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I am wondering if the following converse (or modification) of the mean value theorem holds. Suppose $f(\cdot)$ is continuously differentiable on $[a,b]$. Then for all $c \in (a,b)$ there exists $x$ and $y$ such that $$ f'(c)=\frac{f(y)-f(x)}{y-x} $$

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2 Answers 2

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Assume that $f''(c)\ne0$. Then one can find $x_1<c<x_2$ such that $$f'(c)={f(x_2)-f(x_1)\over x_2-x_1}\ .$$ Proof. Assume $f''(c)>0$ and consider the auxiliary function $$g(t):=f(c+t)-f(c)-t f'(c)\ ,\tag{1}$$ which is defined in a full neighborhood of $t=0$. By Taylor's theorem one has $$g(t)=g(0)+t g'(0)+{t^2\over2}g''(0)+o(t^2)={t^2\over2}\bigl(f''(c)+o(1)\bigr)\qquad(t\to0)\ .$$ It follows that there is an $h>0$ with $g(t)>0$ for $0<|t|\leq h$. Assuming $g(h)\geq g(-h)$ put $t_1:=-h$, and choose $t_2\in\ ]0,h]$ such that $g(t_2)=g(t_1)$, which is possible by the intermediate value theorem.

Finally put $x_i:=c+t_i$ $(i=1,\>2)$. Then it follows from $(1)$ that $$f(x_2)-f(x_1)=g(t_2)-g(t_1)+(t_2-t_1)f'(c)=(x_2-x_1) f'(c)\ ,$$ which is equivalent to the claim.

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  • $\begingroup$ Do we need the restriction that $g(-h) \neq g(h)$? $\endgroup$
    – user103828
    May 1, 2014 at 10:08
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    $\begingroup$ @user103828: The function $g$ is not symmetric with respect to $t=0$; therefore we cannot expect $g(-h)=g(h)$. This is not a restriction but a fact we have to reckon with somehow. See my edit. $\endgroup$ May 1, 2014 at 10:50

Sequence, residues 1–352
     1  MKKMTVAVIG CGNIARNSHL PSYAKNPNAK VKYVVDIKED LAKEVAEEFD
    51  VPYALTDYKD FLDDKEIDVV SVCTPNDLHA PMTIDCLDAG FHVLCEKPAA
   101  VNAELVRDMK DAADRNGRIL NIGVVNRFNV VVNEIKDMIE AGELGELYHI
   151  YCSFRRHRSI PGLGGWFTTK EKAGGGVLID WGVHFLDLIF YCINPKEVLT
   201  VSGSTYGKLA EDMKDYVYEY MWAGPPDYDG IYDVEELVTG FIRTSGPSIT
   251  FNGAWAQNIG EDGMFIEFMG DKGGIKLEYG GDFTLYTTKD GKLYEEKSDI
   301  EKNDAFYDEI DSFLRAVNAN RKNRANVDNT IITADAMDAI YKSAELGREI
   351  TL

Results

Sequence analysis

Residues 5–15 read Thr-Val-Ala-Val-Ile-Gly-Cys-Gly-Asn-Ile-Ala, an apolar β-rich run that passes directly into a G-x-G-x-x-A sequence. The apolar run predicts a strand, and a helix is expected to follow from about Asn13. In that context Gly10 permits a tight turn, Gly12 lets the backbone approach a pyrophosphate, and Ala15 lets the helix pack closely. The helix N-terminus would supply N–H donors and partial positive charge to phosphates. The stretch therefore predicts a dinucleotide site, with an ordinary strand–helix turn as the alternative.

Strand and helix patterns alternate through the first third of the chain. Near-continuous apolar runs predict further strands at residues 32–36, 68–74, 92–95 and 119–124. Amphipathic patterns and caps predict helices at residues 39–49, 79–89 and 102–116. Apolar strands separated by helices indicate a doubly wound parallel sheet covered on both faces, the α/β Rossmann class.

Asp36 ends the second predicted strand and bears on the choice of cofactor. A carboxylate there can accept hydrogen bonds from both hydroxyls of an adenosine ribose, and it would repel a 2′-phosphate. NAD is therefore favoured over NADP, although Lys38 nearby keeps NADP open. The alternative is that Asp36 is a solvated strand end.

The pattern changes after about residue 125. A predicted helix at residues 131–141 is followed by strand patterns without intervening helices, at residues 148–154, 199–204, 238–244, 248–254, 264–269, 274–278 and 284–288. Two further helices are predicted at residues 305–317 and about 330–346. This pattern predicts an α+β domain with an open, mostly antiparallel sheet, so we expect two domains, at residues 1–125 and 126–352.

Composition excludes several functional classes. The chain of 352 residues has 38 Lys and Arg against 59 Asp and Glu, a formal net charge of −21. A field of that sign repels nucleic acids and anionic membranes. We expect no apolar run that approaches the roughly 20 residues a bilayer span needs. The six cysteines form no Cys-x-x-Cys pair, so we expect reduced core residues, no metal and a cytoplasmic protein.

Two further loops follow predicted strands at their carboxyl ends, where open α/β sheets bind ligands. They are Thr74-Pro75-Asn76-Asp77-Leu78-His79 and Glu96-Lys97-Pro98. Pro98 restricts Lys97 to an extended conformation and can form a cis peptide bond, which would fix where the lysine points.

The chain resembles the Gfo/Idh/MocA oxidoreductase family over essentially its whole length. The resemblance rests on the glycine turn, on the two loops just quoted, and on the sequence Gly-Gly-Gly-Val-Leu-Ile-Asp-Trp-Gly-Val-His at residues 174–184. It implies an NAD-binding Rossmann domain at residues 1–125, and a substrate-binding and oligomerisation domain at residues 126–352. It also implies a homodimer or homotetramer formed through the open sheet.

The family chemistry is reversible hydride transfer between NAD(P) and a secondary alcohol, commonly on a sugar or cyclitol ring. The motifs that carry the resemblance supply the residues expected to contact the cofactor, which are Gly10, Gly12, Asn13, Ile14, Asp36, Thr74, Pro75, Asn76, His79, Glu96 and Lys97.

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It is not true. Let $f(t)=t^3$. Then $f'(0)=0$, but $\frac{f(y)-f(x)}{y-x}$ is never $0$.

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  • $\begingroup$ Thanks. It seems also from your example that there is no ``easy'' way to modify the statement to make it true. $\endgroup$
    – user103828
    May 1, 2014 at 6:35
  • $\begingroup$ You are welcome. There is always a way, but offhand I cannot think of one. $\endgroup$ May 1, 2014 at 6:37
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    $\begingroup$ What if it is modified such that the derivative is nowhere vanishing? $\endgroup$ Jan 27, 2016 at 22:54
  • $\begingroup$ I am answering quickly, busy with other stuff, so may be wrong. But it looks to me as if $t^3+17$ will also give a counterexample. $\endgroup$ Jan 27, 2016 at 23:01
  • $\begingroup$ $t^3 + t$ is a counterexample. @MathematicsStudent1122 $\endgroup$
    – JOF14
    Feb 8, 2018 at 23:39

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